Dressed in small aprons, a class of 3- to 6-year-olds bustle around Father Tom Charters’ living room in Erwin, Tenn. Students of the Catechesis of the Good Shepherd program, a religious education class designed specifically for young children, they are learning about Scripture, how to pray and how to take care of the altar. But even more, they are falling in love with their Catholic faith.
“They look forward to coming to the atrium,” said Kathy O’Brien, pastoral associate and religious education director for Erwin’s St. Michael the Archangel mission. “Parents have told us that kids come home from school and say, ‘Is it church night yet?’”
The program began in Italy and has spread to Mexico and the United States. In every place the program is offered, the children meet in “the atrium.” Currently, the only space available for St. Michael the Archangel to create an atrium is Father Tom’s living room.
In early Christianity, the atrium was the most central and important room in the house. It was where people gathered to pray and celebrate Mass. In Erwin, the room is similarly important. When the mission moves into its new church the atrium will be the only classroom. St. Michael the Archangel’s parish is so committed to the program that even as it scaled back its new church’s design, it saved the Catechesis of the Good Shepherd room.
“You have to have some space for the program,” Kathy said. “You need a place that you can set things up and leave them. In the new building, we can put up bookshelves and set up our displays.”
The Catechesis of the Good Shepherd class meets every other Wednesday. During the off weeks, the First Communion class meets in the atrium, and the Confirmation class also has used the atrium as part of its preparation.
The room is filled with small versions of everything a priest uses during Mass, from the chalice, paten, and ciborium to the purificator and vestments.
It has a wooden liturgical calendar, showing the students whether the Church is in ordinary time or in preparation of a feast. It shows the corresponding colors for each season, including which colors the priest will wear and the church will display before, during and after a feast. For example, the children changed the room’s colors during Lent from green for ordinary time to purple for Lent.
“It is hands-on learning,” Kathy said. “It is not just book learning. They take care of the plants, set up the prayer table. They know how to set up the altar and where to put everything away.
“Enrollment for Catechesis has doubled,” Kathy said. “The kids love it. They look forward to coming to the atrium. Even our high school students say, ‘Why didn’t we have this program?’”
This year, between 12 to 20 kids attend the program each week.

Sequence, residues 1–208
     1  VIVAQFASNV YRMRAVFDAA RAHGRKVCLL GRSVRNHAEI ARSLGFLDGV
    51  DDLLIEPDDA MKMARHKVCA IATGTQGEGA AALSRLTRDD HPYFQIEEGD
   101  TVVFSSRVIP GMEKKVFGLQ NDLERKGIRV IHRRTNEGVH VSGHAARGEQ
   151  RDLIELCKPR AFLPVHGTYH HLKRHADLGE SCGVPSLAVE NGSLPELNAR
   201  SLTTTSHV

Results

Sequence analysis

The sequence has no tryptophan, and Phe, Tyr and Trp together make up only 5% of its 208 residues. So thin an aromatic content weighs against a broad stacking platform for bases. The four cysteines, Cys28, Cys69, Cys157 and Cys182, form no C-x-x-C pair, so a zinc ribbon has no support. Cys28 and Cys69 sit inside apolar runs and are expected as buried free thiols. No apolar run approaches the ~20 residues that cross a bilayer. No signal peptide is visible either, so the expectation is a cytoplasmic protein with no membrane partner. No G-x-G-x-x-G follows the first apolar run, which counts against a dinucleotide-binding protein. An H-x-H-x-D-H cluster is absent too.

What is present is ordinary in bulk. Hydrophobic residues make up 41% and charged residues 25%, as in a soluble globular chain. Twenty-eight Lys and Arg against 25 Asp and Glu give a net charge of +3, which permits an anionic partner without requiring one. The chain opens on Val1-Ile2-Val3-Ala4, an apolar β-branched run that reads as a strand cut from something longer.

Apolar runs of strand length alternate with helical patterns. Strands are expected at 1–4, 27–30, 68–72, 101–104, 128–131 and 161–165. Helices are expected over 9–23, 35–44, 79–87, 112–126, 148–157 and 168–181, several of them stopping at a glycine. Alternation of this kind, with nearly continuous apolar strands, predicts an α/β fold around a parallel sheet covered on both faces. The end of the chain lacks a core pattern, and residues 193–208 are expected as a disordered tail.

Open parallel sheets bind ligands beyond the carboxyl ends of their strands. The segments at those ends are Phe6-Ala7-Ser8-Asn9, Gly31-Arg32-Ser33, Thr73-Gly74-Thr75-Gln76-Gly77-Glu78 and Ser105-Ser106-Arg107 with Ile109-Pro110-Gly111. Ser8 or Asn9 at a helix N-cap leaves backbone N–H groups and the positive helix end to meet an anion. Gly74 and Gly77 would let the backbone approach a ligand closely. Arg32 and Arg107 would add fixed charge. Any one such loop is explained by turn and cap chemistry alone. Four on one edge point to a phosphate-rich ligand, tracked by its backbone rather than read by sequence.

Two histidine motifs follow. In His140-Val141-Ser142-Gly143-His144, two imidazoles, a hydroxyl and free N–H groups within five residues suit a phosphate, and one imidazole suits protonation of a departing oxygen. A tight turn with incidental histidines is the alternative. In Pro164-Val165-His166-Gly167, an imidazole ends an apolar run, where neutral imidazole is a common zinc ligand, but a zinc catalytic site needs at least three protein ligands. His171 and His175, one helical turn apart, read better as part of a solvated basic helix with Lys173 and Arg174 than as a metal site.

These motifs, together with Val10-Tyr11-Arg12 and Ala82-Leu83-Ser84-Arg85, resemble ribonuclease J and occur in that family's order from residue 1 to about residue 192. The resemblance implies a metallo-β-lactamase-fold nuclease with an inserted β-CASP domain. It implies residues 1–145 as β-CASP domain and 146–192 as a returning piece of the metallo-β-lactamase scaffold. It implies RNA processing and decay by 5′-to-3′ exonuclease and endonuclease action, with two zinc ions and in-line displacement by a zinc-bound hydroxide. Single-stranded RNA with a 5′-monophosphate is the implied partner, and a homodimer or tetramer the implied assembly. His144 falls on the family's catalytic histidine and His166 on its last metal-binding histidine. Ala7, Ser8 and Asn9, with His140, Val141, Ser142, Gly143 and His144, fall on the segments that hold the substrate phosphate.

“We have found it very effective,” Kathy said. “We see the children’s openness to God.”
The program is set up similar to a Montessori school. Kathy and her staff start each session by calming the children and lining them up to enter the atrium.
“We tell them they need to listen and be quiet, because it is a holy space,” Kathy said.
Kathy or her teachers do a presentation, followed by free “work time” for the children. Some play with the wooden map of the Holy Land. Others play with a wooden model of the parable of the Good Shepherd.
“It gives kids a comfort level with liturgy,” Kathy said. “It helps them come in touch with the Lord in a different kind of way. Three and 4 year olds cannot concentrate on any book for a period of time. This allows them to be involved and energetic. They are probably learning more than they did before.”
St. Michael the Archangel started preparing for the program about two years ago at the urging of Diocese of Knoxville Bishop Richard F. Stika.
The mission quickly found the materials it needed at Glenmary headquarters. Every month, Glenmary receives many donations, including Mass kits, which priests use when they travel. The kits have small versions of everything priests need to celebrate Mass. The smaller materials were perfect for children’s hands.
Members of the parish also pitched in. One lady made aprons for each of the children and small vestments. Another made the lectern and a third is working on a tomb for the Resurrection.
The Knoxville diocese offers training for the three levels of Catechesis. Kathy and four parishioners took the first training for 3- to 6-year-olds. Kathy later took the Level II training for 6- to 9-year-olds, and she hopes to take the Level III training for 9- to 12-year-olds and eventually become a trainer.
“It will give me something to do once I retire,” she joked. “But does a missioner ever really retire?”
This story first appeared in the April 2018 Boost-a-Month Club newsletter.